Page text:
June 29, 2004

talking the talk

From one of the faux-titled articles linked in the previous post:
"We were corrected by market forces, that of a new entity that people weren't quite ready to buy en masse yet," said Conservative strategist Tim Powers.
With such an inspiring vision of the civic institutional process, how did the Conservatives ever lose?

news you can use

From AFP:
A new star was born in Canadian politics. Blonde heiress Belinda Stronach, dubbed one of the world's most powerful business women, was elected to parliament for the Canadian Conservative Party by a waver-thin margin.
At no point in the 300-word article do we learn any of her political views. But we do learn that she has "model good looks" and was linked to Bill Clinton in the gossip pages. And her father was a "self-made man". And as a girl, she received "local schooling". Oh, and she's a blonde - and an heiress!

And the AFP thinks we're all heirheads.

Here are some other headlines:

US congratulates thinning, grey Paul Martin on win in Canada

Boyishly quaffed Harper doesn't answer clearly when asked if he'll stay on as Tory leader

Balding, mustachioed Layton tries to put best face on disappointing election result

June 28, 2004

minority government

So it's a minority government for the Liberals, and as of this moment, they and the NDP are just under a majority and will probably get there by morning.

Interesting results in Atlantic Canada, where all the seats have been decided (change from 2000 in parentheses):

Newfoundland & Labrador
Lib 5 (4)
Con 2 (3)
NDP 0 (0)

Percent of vote:
Lib 48 (45)
Con 32 (38)
NDP 17 (18)

Prince Edward Island
Lib 4 (4)
Con 0 (0)
NDP 0 (0)

Percent of vote:
Lib 52 (47)
Con 31 (43)
NDP 13 (9)

Nova Scotia
Lib 6 (5)
Con 3 (3)
NDP 2 (3)

Percent of vote:
Lib 40 (36)
Con 28 (39)
NDP 28 (24)

New Brunswick
Lib 7 (6)
Con 2 (3)
NDP 1 (1)

Percent of vote:
Lib 45 (42)
Con 31 (46)
NDP 21 (12)

Atlantic Region (Totals)
Lib 22 (19)
Con 7 (9)
NDP 3 (4)

Percent of vote:
Lib 44 (41)
Con 30 (42)
NDP 23 (17)

So the Tories lose 2 seats to the Liberals and drop 12%; the NDP lose 1 seat to the Liberals but jump 6%. In New Brunswick they nearly double their vote, and at this time it looks like Nova Scotia is going to give the NDP its highest provincial share at 28%

On a final note: Scott Brison, MP for Kings-Hants (Nova Scotia), who switched from the Tories to the Liberals in opposition to the merger, was re-elected. Harper campaigned for his opponent and vowed Brison would fall. Brison's reaction tonight:
"There's no culture of defeat in this room," said Brison at his victory celebration, referring to a comment Conservative Leader Stephen Harper made about Altantic Canada in May 2002.

tha mi ann fhathast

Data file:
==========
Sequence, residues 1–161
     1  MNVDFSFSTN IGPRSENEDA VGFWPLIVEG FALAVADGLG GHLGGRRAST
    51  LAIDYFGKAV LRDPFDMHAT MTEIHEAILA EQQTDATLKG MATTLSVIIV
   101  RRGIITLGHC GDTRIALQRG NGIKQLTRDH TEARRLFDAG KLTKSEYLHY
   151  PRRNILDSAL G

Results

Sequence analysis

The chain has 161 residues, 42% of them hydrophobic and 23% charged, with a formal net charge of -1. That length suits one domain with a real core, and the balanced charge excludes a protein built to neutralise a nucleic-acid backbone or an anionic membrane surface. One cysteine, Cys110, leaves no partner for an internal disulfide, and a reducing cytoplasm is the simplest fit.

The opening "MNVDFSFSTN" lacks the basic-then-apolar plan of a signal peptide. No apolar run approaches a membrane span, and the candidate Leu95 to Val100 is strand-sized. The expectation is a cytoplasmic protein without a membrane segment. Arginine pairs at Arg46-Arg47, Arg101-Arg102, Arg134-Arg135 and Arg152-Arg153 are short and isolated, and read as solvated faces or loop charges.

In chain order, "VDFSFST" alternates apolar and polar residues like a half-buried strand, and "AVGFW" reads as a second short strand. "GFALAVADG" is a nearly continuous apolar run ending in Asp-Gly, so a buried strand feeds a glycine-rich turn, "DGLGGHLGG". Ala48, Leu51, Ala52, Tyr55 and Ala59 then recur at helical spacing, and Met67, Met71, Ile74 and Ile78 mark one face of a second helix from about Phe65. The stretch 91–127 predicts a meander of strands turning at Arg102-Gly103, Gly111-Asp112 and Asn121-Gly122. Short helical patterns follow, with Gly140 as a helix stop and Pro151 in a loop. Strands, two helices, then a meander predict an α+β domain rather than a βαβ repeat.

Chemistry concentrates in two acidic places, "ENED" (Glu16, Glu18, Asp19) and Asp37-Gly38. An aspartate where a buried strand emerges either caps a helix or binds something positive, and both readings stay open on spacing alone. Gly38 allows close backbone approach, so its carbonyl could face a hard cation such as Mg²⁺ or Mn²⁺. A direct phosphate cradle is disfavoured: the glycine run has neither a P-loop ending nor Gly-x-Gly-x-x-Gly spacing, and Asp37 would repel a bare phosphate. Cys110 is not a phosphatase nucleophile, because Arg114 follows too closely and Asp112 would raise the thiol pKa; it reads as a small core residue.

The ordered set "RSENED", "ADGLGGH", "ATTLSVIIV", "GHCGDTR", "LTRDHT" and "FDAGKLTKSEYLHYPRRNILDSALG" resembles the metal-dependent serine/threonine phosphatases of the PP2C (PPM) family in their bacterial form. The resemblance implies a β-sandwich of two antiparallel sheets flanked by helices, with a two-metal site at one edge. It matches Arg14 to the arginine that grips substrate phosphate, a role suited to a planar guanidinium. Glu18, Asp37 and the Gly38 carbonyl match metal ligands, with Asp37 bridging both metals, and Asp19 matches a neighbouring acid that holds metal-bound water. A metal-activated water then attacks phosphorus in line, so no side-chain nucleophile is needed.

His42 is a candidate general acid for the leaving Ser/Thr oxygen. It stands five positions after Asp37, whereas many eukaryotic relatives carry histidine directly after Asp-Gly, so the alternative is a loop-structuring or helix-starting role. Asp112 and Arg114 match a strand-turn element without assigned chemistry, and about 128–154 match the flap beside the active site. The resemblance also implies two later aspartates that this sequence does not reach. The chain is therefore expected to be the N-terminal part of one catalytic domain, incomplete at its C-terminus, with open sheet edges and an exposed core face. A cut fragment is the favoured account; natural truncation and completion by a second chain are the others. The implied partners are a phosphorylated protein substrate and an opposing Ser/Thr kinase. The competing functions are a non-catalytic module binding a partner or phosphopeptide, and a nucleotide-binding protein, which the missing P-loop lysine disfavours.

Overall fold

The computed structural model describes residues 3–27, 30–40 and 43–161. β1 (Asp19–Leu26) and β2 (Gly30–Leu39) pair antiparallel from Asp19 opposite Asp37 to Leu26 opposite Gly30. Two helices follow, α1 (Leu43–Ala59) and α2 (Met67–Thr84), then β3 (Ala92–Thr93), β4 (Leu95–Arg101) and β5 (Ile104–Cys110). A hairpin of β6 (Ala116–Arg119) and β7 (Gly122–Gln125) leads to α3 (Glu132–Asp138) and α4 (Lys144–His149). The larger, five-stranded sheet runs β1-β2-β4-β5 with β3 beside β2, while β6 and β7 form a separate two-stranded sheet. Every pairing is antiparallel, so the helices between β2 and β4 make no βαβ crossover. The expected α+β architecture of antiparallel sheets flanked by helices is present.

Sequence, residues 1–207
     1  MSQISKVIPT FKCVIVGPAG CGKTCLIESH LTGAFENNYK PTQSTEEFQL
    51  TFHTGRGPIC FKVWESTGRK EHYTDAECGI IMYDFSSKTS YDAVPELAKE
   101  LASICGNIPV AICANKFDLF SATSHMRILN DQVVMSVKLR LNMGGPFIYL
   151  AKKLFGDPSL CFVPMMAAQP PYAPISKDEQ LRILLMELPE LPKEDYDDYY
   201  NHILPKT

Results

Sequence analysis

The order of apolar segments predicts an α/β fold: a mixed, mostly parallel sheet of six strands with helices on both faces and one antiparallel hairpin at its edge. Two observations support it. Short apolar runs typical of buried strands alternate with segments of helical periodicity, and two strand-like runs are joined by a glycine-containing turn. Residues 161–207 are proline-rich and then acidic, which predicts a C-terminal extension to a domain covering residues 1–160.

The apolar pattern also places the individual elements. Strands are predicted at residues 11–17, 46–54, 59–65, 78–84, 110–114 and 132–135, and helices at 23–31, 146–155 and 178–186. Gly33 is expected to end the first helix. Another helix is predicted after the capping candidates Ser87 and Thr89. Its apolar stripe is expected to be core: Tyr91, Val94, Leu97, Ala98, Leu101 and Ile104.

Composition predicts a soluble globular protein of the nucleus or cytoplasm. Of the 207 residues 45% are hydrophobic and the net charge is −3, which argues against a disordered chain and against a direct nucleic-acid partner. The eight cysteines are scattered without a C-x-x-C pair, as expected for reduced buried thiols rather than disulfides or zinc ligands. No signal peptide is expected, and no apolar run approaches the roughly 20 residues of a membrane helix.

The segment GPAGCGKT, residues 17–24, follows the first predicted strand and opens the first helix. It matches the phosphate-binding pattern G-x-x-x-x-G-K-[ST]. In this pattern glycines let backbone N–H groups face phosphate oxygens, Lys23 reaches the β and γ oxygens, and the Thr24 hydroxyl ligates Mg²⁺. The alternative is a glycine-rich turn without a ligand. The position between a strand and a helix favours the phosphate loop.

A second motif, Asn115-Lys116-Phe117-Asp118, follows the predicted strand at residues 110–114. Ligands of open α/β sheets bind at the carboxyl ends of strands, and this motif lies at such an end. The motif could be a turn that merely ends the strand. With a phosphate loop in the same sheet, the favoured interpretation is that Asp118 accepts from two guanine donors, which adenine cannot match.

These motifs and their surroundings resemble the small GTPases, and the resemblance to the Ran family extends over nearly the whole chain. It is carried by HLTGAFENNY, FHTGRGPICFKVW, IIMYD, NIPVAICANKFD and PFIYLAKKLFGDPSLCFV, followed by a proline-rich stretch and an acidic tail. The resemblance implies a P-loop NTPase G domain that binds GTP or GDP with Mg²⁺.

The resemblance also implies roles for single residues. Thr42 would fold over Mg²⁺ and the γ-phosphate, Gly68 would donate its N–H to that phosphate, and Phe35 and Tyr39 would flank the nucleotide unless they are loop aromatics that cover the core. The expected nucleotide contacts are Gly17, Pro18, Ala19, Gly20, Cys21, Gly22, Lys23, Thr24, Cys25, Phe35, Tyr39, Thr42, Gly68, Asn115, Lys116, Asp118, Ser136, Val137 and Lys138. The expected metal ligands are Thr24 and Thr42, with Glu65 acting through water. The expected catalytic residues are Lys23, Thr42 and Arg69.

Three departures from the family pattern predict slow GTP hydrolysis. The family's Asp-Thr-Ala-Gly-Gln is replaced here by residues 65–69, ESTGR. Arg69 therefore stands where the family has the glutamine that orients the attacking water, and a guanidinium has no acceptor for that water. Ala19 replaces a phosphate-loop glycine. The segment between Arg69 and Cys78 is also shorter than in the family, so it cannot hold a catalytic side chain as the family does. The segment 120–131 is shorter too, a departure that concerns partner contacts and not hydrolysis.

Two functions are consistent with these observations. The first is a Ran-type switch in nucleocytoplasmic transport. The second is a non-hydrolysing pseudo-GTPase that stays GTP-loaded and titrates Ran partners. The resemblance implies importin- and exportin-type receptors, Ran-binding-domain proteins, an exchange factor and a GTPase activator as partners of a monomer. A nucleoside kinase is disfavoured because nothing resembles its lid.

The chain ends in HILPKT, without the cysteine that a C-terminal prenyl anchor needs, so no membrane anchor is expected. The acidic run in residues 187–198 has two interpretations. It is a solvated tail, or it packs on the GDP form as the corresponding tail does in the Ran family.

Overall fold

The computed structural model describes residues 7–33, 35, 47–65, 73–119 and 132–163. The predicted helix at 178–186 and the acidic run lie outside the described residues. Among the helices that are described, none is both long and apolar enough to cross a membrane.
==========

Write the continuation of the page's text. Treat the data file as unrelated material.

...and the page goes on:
Bha mi a’ smaoineachadh gum biodh barrachd ùine agam as t-samhradh airson a’ bhlòg, ach tha e coltach gu robh mi cearr. Ach tha mi ann fhathast – coimhead an sealladh ùr! – agus cuiridh mi postaichean an seo nas trice a nis. Tha mòran a’ tachairt, agus air tachairt – taghadh Eòrpach, taghadh Canadach, agus taghadh beag a’ seo a tha ‘tighinn.

Chunnaic mi Fahrenheit 911 agus ‘se film cumhachdach, cudthromach a th’ann. Nan robh sibh air leughadh na blògaichean air an taobh chlì gu dìleas, cha bhi mòran ùr ann. Ach mur a bheil fiosrachadh ùr ann, tha iomadh seallaidhean nach fhaic sinn air CNN, bho’n cogadh ann an Iraq gu Seòras Preas air laithean-saora. Aig a’ mhulti-plex far a bheil e a’ cluich an seo, bha h-uile ruith air a reiceadh air fad gach latha, agus bha an loidhne a’ dol amach dhan food court.

Sin agaibh an naidheachd bho Massachusetts an Iar co-dhiubh.

June 02, 2004

Gaelic report from Nova Scotia

The Gaelic Development Steering Committee, in partnership with the Nova Scotia Department of Tourism and Culture, has published an ambitious 20-year plan entitled Leasachadh agus Glèidheadh na Gàidhlig An Albainn Nuaidh: Plana Airson Iomairt Choimhearsnachd (Developing and Preserving Gaelic in Nova Scotia: Strategy for a community-based initiative). Among the stated goals are increasing the number of Gaelic speakers and achieving "secure status" for Gaelic at the provincial level (something the Scottish Parliament hasn't yet gotten to).

The report is an excellent follow-up to the previously published Gaelic Nova Scotia: an Economic, Cultural, and Social Impact Study, downloadable here (disclaimer: I did some work for this report). The Gaelic community in Nova Scotia has done more than its part in putting together the history, stock-taking, vision, and practical plan for a last-ditch effort to save the language. Now it's up to the province to cur an airgead far a bheil a' bheul (put its money where its mouth is).

The Gaelic and English versions of the new report are available for download as pdf files over here. There's a Halifax Chronicle-Herald piece on the report here.